As you probably know, the Federal Torts Claims Act retains immunity in a number of very specific circumstances. Thus, according to the Act, the United States generally enjoys sovereign immunity for intentional torts committed by federal employees. However, this rule is subject to an exception which waives immunity for a number of intentional torts if they are committed by employees who qualify as “investigative or law enforcement officers.” 28 U.S.C. § 2680(h). This means that a plaintiff does not have a right to recover from the US Government if a mail carrier commits battery; but may have a right to recover if an FBI agent does.
In a recent case decided by the Third Circuit Court of Appeals, the court decided that TSA agents do not qualify as "law enforcement officers" and, therefore, the Government is protected by immunity.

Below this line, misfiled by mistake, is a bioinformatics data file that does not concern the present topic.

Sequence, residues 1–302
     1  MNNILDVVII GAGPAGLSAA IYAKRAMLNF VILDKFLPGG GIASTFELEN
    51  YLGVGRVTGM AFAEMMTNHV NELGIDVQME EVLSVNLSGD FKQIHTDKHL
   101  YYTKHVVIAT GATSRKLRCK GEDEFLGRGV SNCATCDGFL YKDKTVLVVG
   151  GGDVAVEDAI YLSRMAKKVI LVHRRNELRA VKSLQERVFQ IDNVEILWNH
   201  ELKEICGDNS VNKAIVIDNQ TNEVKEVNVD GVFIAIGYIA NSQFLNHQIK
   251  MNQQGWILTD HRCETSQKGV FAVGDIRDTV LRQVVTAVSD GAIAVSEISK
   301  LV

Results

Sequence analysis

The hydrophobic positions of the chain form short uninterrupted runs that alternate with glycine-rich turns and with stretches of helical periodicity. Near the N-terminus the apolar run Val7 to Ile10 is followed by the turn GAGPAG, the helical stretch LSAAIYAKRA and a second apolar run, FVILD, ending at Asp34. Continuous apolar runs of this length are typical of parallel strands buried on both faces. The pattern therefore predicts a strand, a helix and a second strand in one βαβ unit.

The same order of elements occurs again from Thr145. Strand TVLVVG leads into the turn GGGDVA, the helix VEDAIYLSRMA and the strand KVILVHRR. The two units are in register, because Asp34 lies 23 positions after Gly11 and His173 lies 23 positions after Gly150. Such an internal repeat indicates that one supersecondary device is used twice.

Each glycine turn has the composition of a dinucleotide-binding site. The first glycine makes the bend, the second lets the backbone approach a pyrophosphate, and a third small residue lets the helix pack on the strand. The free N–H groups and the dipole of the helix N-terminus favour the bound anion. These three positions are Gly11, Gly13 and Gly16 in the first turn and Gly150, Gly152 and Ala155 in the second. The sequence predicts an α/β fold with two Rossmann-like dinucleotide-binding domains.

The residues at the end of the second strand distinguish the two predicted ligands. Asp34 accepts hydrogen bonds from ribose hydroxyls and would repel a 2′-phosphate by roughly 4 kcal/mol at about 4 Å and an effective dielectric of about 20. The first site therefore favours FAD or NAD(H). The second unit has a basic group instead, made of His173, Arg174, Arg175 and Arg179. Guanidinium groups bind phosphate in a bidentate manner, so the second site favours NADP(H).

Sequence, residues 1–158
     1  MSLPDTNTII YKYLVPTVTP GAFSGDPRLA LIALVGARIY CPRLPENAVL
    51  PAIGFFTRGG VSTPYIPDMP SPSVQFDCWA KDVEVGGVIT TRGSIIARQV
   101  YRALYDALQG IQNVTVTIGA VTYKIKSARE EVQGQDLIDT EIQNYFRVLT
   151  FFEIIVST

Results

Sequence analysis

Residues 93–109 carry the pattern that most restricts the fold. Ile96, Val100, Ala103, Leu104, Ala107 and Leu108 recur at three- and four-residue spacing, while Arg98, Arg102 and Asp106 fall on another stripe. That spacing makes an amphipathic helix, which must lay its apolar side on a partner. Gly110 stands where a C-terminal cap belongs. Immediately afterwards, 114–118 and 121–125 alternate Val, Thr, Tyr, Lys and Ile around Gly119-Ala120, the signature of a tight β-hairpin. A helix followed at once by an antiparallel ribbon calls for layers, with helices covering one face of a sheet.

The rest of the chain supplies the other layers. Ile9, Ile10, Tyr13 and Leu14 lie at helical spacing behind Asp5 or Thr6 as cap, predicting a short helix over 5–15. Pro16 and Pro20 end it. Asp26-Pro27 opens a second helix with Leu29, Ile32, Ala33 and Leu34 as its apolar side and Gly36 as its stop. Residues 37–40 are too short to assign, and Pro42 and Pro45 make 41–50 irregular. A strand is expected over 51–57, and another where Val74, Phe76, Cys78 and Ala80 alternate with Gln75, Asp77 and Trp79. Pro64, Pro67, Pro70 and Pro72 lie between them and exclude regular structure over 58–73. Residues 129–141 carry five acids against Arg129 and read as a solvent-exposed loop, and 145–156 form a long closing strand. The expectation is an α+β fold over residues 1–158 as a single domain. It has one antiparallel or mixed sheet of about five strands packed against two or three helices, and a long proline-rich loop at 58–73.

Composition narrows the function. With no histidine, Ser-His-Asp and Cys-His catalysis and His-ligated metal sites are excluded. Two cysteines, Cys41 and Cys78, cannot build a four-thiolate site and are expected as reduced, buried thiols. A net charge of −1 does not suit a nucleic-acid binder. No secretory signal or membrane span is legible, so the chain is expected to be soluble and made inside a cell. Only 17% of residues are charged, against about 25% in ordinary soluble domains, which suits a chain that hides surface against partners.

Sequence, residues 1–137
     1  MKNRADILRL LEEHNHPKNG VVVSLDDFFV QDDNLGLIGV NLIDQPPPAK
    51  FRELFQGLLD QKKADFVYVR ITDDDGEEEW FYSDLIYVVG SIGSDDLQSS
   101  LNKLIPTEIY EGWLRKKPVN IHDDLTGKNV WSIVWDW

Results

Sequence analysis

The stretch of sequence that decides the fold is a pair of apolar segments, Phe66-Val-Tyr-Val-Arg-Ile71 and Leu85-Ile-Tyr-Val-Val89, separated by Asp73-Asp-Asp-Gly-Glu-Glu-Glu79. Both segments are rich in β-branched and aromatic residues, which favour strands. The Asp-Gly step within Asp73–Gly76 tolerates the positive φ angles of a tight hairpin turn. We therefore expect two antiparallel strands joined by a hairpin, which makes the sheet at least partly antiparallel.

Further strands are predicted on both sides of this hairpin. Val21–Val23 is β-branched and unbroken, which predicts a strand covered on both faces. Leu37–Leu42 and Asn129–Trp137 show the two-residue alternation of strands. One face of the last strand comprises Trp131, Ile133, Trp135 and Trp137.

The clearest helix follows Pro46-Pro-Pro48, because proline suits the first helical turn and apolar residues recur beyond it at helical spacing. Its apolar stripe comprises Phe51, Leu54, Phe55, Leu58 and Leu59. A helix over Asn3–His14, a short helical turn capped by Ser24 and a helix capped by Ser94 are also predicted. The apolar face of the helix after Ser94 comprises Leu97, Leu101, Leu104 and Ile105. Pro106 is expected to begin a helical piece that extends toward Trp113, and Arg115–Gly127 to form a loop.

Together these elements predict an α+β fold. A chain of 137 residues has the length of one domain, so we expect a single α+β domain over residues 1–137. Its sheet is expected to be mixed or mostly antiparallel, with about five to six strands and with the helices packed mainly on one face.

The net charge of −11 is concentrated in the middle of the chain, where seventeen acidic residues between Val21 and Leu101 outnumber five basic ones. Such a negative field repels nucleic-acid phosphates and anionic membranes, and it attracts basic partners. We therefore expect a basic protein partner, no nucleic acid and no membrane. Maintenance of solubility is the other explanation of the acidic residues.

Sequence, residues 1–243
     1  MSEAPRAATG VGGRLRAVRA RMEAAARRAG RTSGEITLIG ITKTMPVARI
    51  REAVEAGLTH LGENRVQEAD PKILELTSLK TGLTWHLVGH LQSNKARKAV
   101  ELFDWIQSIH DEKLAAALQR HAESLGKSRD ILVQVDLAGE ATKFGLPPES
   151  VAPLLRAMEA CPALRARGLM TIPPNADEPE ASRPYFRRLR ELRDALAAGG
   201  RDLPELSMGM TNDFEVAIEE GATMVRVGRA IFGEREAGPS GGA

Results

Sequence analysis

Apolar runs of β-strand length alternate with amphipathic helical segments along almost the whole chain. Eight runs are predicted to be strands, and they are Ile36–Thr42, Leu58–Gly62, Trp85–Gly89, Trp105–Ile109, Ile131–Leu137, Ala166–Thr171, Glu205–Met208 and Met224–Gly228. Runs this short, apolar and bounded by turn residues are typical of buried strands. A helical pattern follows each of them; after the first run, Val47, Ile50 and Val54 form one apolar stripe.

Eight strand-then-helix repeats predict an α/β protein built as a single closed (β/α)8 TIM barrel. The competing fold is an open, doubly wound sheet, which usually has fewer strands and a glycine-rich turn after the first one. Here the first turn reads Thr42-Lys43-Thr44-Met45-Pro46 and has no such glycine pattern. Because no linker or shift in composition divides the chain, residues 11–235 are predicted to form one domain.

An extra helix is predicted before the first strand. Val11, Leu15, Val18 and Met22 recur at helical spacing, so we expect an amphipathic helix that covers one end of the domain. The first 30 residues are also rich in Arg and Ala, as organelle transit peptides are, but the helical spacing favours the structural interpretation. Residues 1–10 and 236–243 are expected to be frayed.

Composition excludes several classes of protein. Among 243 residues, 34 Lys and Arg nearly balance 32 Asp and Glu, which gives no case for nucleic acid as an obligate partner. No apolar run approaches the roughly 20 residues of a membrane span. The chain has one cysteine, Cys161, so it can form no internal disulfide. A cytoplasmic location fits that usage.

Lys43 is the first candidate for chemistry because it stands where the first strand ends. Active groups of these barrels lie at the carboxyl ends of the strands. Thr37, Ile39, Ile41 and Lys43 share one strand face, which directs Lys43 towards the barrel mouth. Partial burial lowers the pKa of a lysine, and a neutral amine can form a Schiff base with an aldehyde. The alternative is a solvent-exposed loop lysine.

The case is Pellegrino v. The TSA (available here), and the facts are what you would expect given the topic: a passenger alleged intentional torts related to the conduct of TSA officers during a "screening" at an airport. The details of the event are described here.
Be careful when reading comments on the case because some of the discussion is a bit inaccurate. For example, some of the stories state that the officers are immune. This is not entirely accurate because the FTCA deals with the immunity of the Federal Government, not of the individuals.
Simple Justice has a comment here.
Tech Dirt has a comment here.